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Recording Credits for Pacific Fanfare: Performance by the University of Colorado Wind Ensemble, Allan McMurray, conductor


PA C I F I C FA N FA R E for

C O N C E RT B A N D

FRANK TICHELI I N S T R U M E N T A T I O N C H O I R

1 4 4 1 1

Piccolo Flute 1 Flute 2 Oboe 1 Oboe 2

C H O I R

2 2 1 1

I

6 6 2 1 1 1

Bb Clarinet 1 Bb Clarinet 2 Bb Bass Clarinet Bassoon 1 Bassoon 2 Contrabassoon

2 2 1 1 1

Eb Alto Saxophone 1 Eb Alto Saxophone 2 Bb Tenor Saxophone Eb Baritone Saxophone Timpani

2 2 3 2

Trombone 1 Trombone 3 (Bass) Euphonium B.C. Euphonium T.C.

2 Percussion 1

I I

Bb Trumpet 1 Bb Trumpet 3 F Horn 1 F Horn 2

Vibr., Chimes, Susp. Cymb. (sm.), Tam Tam, Sn. Dr., and 2 Tom Toms (sm. & med.)

O F F - S T A G E

1 Solo Trumpet off-stage (in Bb, C, & Eb, at player’s preference) 1 Solo F Horn off-stage C H O I R

I I I

2 Bb Trumpet 2 2 Bb Trumpet 4 1 F Horn 3

PRINTED

1 F Horn 4 2 Trombone 2 4 Tuba

ON

A RC H I VA L

2 Percussion 2 Xylo., Chimes, Susp. Cymb. (med.), Tam Tam, 2 Tom Toms (med. & lge.)

PA P E R

Gg M A N H AT TA N B E A C H M U S I C 1595 East 46th Street Brooklyn, New York 11234 Fax: 718/338-1151 World Wide Web: http://www.manhattanbeachmusic.com E-mail: mbmband@aol.com Voicemail: 718/338-4137


F R A N K W O R K S

F O R

T I C H E L I C O N C E R T

B A N D

Frank Ticheli’s works for concert band are published by Manhattan Beach Music

Amazing Grace (5 minutes, grade 3) An American Elegy (11 minutes, grade 4) Ave Maria / Schubert (4 1/2 minutes, grade 3) Blue Shades (10 minutes, grade 5) Cajun Folk Songs (6 2/3 minutes, grade 3) Cajun Folk Songs II (10 1/2 minutes, grade 4) Fortress (5 1/2 minutes, grade 3) Gaian Visions (9 1/2 minutes, grade 6) Loch Lomond (6 1/2 minutes, grade 3) Pacific Fanfare (5 1/2 minutes, grade 5) Portrait of a Clown (2 3/4 minutes, grade 2) Postcard (5 1/3 minutes, grade 5) Shenandoah (6 1/2 minutes, grade 3) Simple Gifts: Four Shaker Songs (9 minutes, grade 3) Sun Dance (5 minutes, grade 3) Vesuvius (9 minutes, grade 4)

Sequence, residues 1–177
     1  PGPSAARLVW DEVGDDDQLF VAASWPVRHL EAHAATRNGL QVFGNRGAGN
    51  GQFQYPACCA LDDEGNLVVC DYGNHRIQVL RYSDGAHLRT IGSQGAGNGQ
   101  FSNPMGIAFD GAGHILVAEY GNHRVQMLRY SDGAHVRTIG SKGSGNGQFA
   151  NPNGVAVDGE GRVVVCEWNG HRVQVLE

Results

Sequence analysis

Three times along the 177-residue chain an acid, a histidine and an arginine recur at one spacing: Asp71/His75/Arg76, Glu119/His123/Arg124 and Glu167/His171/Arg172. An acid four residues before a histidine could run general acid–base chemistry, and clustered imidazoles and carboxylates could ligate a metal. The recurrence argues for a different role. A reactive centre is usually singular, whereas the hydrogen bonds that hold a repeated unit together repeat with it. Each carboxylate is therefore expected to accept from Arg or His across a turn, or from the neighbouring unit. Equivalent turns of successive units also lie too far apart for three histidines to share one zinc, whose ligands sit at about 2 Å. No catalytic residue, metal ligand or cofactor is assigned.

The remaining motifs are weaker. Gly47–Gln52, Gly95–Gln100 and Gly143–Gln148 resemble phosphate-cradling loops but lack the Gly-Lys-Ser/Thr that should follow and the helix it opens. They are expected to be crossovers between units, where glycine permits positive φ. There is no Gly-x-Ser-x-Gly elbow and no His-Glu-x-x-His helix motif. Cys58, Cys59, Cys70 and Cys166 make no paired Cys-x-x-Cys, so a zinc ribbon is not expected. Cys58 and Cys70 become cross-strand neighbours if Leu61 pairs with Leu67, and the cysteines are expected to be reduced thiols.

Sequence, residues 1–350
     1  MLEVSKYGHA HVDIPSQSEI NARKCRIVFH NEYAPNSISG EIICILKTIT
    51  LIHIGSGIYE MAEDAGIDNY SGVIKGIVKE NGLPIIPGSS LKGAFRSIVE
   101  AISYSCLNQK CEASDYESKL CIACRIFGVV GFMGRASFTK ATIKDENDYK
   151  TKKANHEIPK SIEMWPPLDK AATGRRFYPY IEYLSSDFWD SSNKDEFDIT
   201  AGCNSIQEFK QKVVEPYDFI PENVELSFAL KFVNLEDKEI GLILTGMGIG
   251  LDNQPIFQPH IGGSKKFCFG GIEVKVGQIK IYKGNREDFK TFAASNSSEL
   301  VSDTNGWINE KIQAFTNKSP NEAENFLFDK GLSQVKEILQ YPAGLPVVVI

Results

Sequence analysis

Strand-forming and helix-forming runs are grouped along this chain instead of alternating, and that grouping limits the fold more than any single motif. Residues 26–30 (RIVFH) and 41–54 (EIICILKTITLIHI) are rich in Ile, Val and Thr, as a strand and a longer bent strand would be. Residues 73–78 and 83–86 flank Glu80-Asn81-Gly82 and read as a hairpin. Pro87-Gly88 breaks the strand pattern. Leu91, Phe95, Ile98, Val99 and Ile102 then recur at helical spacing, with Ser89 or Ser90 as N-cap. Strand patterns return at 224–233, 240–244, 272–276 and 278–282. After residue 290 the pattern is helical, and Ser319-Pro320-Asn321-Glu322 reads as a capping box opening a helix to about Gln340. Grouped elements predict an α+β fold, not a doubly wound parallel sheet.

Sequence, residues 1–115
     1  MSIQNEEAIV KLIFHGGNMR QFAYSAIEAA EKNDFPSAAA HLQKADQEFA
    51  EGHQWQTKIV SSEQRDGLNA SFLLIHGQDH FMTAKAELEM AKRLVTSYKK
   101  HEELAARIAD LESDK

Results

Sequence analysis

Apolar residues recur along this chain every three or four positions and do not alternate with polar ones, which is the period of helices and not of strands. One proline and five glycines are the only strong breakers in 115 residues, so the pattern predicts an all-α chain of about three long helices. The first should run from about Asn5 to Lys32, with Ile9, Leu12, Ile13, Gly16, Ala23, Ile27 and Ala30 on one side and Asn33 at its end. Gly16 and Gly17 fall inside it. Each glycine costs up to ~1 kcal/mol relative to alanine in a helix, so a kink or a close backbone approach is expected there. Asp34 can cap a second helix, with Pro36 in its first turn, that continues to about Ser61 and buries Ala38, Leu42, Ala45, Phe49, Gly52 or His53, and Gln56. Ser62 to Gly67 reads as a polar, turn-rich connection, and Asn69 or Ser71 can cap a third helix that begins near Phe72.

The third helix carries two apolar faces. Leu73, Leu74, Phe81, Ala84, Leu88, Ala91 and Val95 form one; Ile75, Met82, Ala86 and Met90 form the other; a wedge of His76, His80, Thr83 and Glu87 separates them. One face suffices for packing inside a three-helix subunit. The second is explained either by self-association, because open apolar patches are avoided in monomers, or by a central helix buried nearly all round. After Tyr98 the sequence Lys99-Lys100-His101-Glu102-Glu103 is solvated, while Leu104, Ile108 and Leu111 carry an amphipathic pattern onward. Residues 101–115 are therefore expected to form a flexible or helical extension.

Hear complete recordings online of all of the above works at www.ManhattanBeachMusic.com Hear Frank Ticheli talk about his compositions at www.BestMusicSeries.com


P R O G R A M

N O T E S

Pacific Fanfare, scored for woodwinds, brass and percussion, exploits several spatial characteristics of a large concert hall. Onstage, the brass and percussion sections are separated into two antiphonal choirs, with the woodwinds and timpani situated in the middle. Offstage, peripheral solo trumpet and horn project sounds from behind the audience. The piece is a tribute to the great Venetian composer, Giovanni Gabrieli, who brilliantly utilized the space of St. Mark’s Cathedral in his polychoral works and antiphonal fanfares. There are two main themes, one based on wide melodic leaps (successive ascending fifths), the other based on a rapid repeated-note figure. In the beginning they are nostalgic and elegiacal, but by the second half of the piece they take on more grand, fanfare-like personalities. Pacific Fanfare was completed in June of 1994 during a summer residency at Yaddo, an artist colony in Saratoga Springs, New York. It was composed as a gift to Carl St.Clair and the Pacific Symphony Orchestra. S E T- U P T H E

S U G G E S T I O N S

P E R I P H E R A L

a n d

T R U M P E T

S O L O

H O R N

P L AY E R S

The peripheral solo horn and trumpet players should be positioned behind the audience, as far away and as high as possible (e.g., behind the highest balcony, at the exit doors, or even behind closed exit doors). If the design of the performance hall does not allow for this set-up configuration, the two soloists may be positioned in other locations such as at ground level or offstage, but they should not be placed on stage with the other performers. T H E

O N S TA G E

B R A S S

a n d

P E R C U S S I O N